The players would have started The Big Cat by a slight margin over Will The Thrill. Perry was fifth in the players’ poll; he was the lone Atlanta representative on the NL roster.
- Andres Galarraga 75
- Will Clark 71
- Glenn Davis 14
- Keith Hernandez 14
- Gerald Perry 2
- Mark Grace 1
- Sid Bream 1
- Keith Moreland 1
- Franklin Stubbs 1
I have been sitting on this post for absolutely no reason other than laziness. I bought a handful of fifty-cent packs when I was in Orlando at the beginning of the month, and scanned a handful of them, even uploaded the scans, but just haven’t been motivated to post them. I have nothing else planned for today, so let’s see what I got…
First up is Eric Davis from the 1987 Fleer Star Stickers set. These cards are very similar to the 1986 set, but with a green border instead of maroon. Either way, the border clashes with the red jersey.
The 1988 Fleer Star Stickers went with a gray border sprinkled with colorful stars. This Don Mattingly is the best card I pulled from that pack.
Back to 1987, and a pair of Reds in a pack: the best centerfielder and the best relief pitcher of the second half of the decade. John Franco is criminally underrated.
I bought a couple of packs of 1990 Donruss. Don’t look at me like that. I did not have any Grand Slammers cards, and I wanted a couple. I pulled the Todd Benzinger from one pack, and Will Clark from another. If I had found another pack with Bo Jackson on top, I would have bought that one too.
I did not know the 1992 Fleer “The Performer” cards came in packs of their own. I assumed they were inserts. In a five-card pack, I pulled Nolan Ryan and Frank Thomas. And probably some ‘roiders, I can’t remember now.
Art cards will always be my weakness. I’m not sure why I picked up a pack of 1992 Score, but I was happy to pull these bad boys.
Also from the same 1992 Score pack.
There it is. I knew there had to be something cool showing on the top of a 1992 Score pack for me to buy it, even at only fifty cents. Jim Thome is the man.
Kirby Puckett from 1996 Pinnacle Denny’s. Not sure why I bought this one-card pack. Oh well, at least it’s a Hall of Famer.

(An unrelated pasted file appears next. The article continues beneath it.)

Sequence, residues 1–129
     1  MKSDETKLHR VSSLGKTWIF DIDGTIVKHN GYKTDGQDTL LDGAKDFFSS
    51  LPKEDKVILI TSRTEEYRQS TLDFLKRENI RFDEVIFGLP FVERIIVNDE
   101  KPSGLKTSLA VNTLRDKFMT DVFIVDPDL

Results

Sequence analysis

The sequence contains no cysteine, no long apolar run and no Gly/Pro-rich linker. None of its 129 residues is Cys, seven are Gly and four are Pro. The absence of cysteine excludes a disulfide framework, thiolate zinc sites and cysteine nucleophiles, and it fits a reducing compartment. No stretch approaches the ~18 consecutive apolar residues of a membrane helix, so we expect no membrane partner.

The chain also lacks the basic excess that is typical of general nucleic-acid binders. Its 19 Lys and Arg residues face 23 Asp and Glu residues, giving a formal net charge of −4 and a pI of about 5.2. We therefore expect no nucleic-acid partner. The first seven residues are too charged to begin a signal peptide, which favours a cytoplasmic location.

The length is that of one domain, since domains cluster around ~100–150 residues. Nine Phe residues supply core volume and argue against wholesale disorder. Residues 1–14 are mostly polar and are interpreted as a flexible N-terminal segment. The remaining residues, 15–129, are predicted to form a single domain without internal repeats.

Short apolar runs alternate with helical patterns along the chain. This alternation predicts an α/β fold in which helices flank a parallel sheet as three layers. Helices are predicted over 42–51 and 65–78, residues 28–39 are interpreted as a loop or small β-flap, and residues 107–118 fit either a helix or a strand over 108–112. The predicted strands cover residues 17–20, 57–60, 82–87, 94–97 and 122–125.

Think this candy is still good from 1991?
Finally, a couple of 1990 Baseball Buttons. I already have several of these, so I probably shouldn’t have bought them, but it was only fifty cents.
This morning I posted 15 “fun cards” in the style of 1938 Goudey baseball cards that I drew 25 years ago at twjfuncards.tumblr.com. I have posted these here before, but the image links expired long ago, so I decided to re-upload them to tumblr for posterity.
I remember working on these at my desk in my bedroom, and a few nights ago I told my son to go find some index cards and colored pencils for me. But I am hesitant to try again. When I get up the courage to attempt a new drawing, I will post it here for everyone to laugh at. In the meantime, enjoy the 25-year old “fun cards.”
In addition to eight standard baseball cards of Greg Maddux that I had autographed through the mail around 1990 are these two index cards featuring Mad Dog’s stickers from some late 80s sticker sets.
Same goes for Will Clark, though his sticker is bigger since he was a bigger star at the time.
I am pretty sure this is Chipper Jones, but there is no picture to go along with the signature. I Googled his autograph and this looks pretty close. I assume I sent this to the minor league club Jones was with at the time; however, I actually have no recollection of obtaining this autograph.
This one is the biggie, and one that I forgot I had until I was sorting my “too big for a binder” items a few nights ago: Bob Feller autographed index card, with a Fleer (?) sticker of the Indians mascot.
Seeing this card again really makes me want to visit the Bob Feller Museum in Van Meter, Iowa. It’s way out of the way of anything else, but I believe it might be worth the trip anyway.
I’m not sure how to store all of these things. At the moment, they are snug in a 500-count box, and I suppose that is where they will stay until I think of a better solution.
Back in the mid-1990s, when the internet was still “catching on,” a number of people created websites for their various passions. Their favorite band, TV show, car, or sports figure. While you don’t see many Geocities or Angelfire domains around today, there are still some high-quality websites out there built by fans.
One such website is Thrill22.com – The Will Clark Baseball Card Gallery. I followed up until about 1993, and then started seeing some cards that I don’t recall, so I guess that’s about the time I gave up on collecting. He really has a nice collection, and it was cool to go through and look at the various photographs and artwork that appeared on the cards during (and after) Clark’s career. He will be remember as one of the greatest, though for a very short time.
Another great website that I stumbled upon this morning is The Mark Grace Website. Not only is there a very cool gallery of Grace’s baseball cards, there is also a well-written and though-out piece about his chances at the Hall of Fame. Written by a fan, I was surprised at the analytical approach to Grace’s candidacy and the writer’s conclusion that no, Grace probably will not reside in Cooperstown as an immortal–at least not by the votes of the BBWAA. Grace’s immortality rests more with the Veteran’s Committee, which means it will be close to twenty years before he is seriously considered.
Personally, I would love to see Grace in the Hall. But I would also love to see Dave Concepcion there. And honestly, if neither Dale Murphy or Don Mattingly make it, I’m not sure Grace or Concepcion should either. That said, I really like the fantasy plaque appearing at the bottom of the article: